I then knew that I wanted to go into Neu-Ulm directly south of Ulm across the Donau (and in the state of Bayern instead of the state that Ulm is in: Baden-Württemberg.) There should have been many clues along the way that I was indeed not walking South but instead walking East, but alas. There seems to be quite a bit more of Ulm to the East of the Bahnhof than I though ... especially since my map stopped at the train station. But I found it. I'm also pretty certain I would have continued walking in this fabulously wrong direction if it hadn't been for a road sign pointing a different direction than the one I was traveling to get to Neu-Ulm. I always thought I was actually pretty good with directions; this obviously doesn't put a vote of confidence in my favor.
(From the South Bank of the Donau in Neu-Ulm)

Then I headed back across the river to explore some more and kill time until I needed to check into the hostel. I went to Marktplatz which has the old Rathaus (government building) and the Stadtbibliothek (city library - a glass pyramid of 5 levels and a reading cafe on the top). I sat in the library reading eine Zeitung (newspaper) von Stuttgart for about 1/2 an hour.
(Alt Rathaus - detail work)

Fischerviertel (Fisherman's Quarter) - quaint & historic part of town with the Blau Fluss (Blue River) running thru it.

Then I wandered through Fisherman's quarter, on my way to Neu-Ulm to find dinner and check into the hostel. 'Tis all for Ulm. I "slept" horribly. Had a minor headache - just enough to be a bother, and the guy in the bed across the room had a cold so intermingled within his snoring, he coughed. Hearing my watch beep every hour away became very frustrating. When the sun came up, I decided to get on my way out and catch an early train onto Lindau am Bodensee (on the Boden Sea), the next destination ... which I will post those pics soon.


travels 1b

(Heidelberg pics from 18Sept 2010)

Heildelberg, old town.
The international student affairs office set up tour guides for our group. So we walked through the old part of the city getting history and humorous German biases. I don't remember which church this is (I'm thinking Catholic). There are 3 in the the old city, each a different religious affiliation. Apparently, this part of Germany did not choose to follow the reformation and remained Catholic. Much later in the timeline, the governor of this city-state gave people the option ... hence the other 2 churches.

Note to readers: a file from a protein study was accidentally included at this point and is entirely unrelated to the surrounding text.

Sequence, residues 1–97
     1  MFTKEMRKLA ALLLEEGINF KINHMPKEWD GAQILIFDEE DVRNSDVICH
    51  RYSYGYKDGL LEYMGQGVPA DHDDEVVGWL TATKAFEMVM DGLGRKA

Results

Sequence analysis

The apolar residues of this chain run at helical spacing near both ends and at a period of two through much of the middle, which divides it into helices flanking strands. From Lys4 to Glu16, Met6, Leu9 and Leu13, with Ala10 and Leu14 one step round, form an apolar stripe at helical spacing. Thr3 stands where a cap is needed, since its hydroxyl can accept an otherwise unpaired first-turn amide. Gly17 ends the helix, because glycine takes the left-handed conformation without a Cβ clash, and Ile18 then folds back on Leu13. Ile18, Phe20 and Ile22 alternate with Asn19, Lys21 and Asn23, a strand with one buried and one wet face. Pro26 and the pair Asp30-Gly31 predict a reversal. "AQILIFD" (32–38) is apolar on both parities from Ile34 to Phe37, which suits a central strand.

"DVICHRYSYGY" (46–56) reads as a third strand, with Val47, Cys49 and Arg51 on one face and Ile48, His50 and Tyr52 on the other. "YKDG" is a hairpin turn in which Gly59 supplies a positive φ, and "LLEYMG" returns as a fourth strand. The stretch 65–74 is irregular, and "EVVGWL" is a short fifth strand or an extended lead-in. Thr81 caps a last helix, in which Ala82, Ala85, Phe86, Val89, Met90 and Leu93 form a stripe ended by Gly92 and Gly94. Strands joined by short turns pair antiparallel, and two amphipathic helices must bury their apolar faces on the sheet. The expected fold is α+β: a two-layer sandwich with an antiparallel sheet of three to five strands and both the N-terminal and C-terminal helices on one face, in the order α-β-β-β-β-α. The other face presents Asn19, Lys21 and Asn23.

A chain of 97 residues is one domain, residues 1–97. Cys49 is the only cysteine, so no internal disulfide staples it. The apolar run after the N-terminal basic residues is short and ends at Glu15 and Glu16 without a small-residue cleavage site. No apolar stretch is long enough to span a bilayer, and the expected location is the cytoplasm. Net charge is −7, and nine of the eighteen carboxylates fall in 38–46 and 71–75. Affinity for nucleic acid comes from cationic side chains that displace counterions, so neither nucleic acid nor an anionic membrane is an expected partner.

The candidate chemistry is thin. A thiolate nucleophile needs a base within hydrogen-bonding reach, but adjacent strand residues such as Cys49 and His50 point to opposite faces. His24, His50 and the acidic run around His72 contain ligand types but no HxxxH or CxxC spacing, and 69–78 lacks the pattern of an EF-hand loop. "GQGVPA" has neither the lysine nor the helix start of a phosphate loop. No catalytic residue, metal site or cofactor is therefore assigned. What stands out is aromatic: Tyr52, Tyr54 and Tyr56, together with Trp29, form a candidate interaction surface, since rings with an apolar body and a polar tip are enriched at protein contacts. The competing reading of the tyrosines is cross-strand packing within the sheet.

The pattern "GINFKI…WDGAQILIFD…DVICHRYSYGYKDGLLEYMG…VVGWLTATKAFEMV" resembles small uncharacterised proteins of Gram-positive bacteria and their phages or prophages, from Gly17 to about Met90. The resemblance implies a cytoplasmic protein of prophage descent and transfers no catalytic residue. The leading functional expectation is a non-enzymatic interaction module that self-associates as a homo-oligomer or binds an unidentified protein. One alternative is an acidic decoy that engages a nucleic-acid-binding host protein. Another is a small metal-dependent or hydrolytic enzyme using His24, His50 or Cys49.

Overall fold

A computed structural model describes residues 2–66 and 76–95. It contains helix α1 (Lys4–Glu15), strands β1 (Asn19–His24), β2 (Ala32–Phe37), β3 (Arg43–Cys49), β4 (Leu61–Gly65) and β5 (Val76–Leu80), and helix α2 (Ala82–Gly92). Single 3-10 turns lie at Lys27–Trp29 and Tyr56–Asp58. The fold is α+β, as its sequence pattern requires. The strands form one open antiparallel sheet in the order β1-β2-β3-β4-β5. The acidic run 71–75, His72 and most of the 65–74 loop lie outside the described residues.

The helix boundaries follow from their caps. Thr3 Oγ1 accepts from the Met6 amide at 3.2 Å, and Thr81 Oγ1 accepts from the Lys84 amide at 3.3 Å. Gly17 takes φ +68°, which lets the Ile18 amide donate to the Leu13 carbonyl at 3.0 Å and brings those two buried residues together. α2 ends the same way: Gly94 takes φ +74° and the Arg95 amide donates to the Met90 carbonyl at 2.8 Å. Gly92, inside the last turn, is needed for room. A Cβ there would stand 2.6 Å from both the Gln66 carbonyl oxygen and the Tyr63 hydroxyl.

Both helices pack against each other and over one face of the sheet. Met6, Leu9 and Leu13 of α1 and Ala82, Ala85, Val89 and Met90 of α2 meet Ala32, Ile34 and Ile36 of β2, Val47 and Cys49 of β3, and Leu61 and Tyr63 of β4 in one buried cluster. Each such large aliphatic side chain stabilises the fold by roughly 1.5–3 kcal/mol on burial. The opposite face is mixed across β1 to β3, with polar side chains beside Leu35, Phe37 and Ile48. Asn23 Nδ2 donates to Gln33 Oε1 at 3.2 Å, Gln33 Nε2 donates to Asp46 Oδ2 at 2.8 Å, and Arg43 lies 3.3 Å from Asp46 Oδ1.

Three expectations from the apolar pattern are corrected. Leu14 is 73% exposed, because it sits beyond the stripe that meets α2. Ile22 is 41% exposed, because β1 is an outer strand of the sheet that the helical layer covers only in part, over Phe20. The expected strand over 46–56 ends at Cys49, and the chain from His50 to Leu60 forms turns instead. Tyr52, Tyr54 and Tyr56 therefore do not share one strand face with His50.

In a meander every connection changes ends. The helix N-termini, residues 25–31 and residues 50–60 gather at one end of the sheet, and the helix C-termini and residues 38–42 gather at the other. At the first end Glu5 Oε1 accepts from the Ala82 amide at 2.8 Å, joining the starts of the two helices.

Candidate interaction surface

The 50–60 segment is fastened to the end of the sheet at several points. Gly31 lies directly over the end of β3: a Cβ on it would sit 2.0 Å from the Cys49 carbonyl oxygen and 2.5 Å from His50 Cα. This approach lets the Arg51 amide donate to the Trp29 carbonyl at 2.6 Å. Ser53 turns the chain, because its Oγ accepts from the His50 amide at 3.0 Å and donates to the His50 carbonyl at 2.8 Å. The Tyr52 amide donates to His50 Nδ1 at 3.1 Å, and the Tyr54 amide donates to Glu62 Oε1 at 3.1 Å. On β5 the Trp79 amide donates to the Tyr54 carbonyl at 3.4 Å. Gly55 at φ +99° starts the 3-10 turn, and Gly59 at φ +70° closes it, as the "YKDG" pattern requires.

I think this is the Jesuit church. There is a partition in the front of the nave because there is another denomination that uses this church ... at the same time. So instead of becoming one body or alternating worship times, they put up a divider. Now, isn't that nice.
From across the Neckar looking out on the old city. A couple of friends and I decided in our free time that we would climb up to the "Poets Walk". Climbing the never-ending stairs reminded me of India (in Hardiwar, climbing up to Chandidevi Temple). I think we did 8 min. on the stair climber before we reached the top. And it was a lovely view and contemplative walk (Mark Twain did a stint here, among other thinkers). So lovely, in fact, that we kept walking - all the way into new town.

I like Europe for this. Different styles, different colors, even the horizontals don't align - and it's all good. In the U.S., we try to have everything neat & tidy. I like this.

Thus concludes excursion #1. Hopefully I'll be posting Ulm and Lindau/Bregenz/Boden Sea before classes start up.

travels 1

Tonight I have returned from "ein Ausflug" (short excursion). As my German final exam on Thursday of last week began to approach and knowing that my full course load of graduate classes begins on the flip side of that Thursday (in one more day), I decided I wanted to get away for the weekend. How did I choose where to go? Looked at a map and said "uhh, there! oh! And I can go there too, just so that I can say I've been to Austria." So Friday morning I hopped on a train and was in Ulm in 1 hour. I walked ALL OVER the city (quite literally walked off my map in the East, North, and West directions. Then explored a bit in Neu-Ulm (which is technically in the state of Bayern and not Baden-Württemberg ... I didn't know that). I reserved a hostel several days before, stayed there over night (notice I didn't say sleep ... had a horrible headache and didn't sleep but 2 hrs). Next destination Lindau, Germany on the Boden Sea and Bregenz, Ӧsterreich (Austria) also on the water's edge. Then back to Lindau to catch my train home to Stuttgart.

I'm breezing through this weekend because it wasn't my intent to post stories or pics about my most current adventure because I haven't even looked at my pics yet ... I've been home maybe an hour.

I wanted to post about an excursion I did back in the middle of September (hosted by the international student affairs office) to Neckarsteinach and Heildelberg, both of which are just a small drive away.

Neckarsteinach sits on the Neckar river and is known for it's castles, one of which a ruin. Heildelberg, also on the Neckar, is a much larger city, has a university, medical research facilities, and use to be the King's homestead until early 1900s. Anyway, pictures can speak louder.

Ruine Hinterburg (literally "castle ruin in back"), looking out on the Neckar River & the town of Neckarsteinach.
Vordeburg (built in 1200s) ... literally means Castle in front. They named the 4 castles based on their position on the hill from the town. Ingenious, I know.
Altar area & stained glass of the church just a couple blocks from the water & city center.

Neckarsteinach downtown.
We took a boat from Neckarsteinach to Heildelberg. Yes, I'm a whimp. But he's from Russian and she's from the Ukraine, so I'm not doing so bad.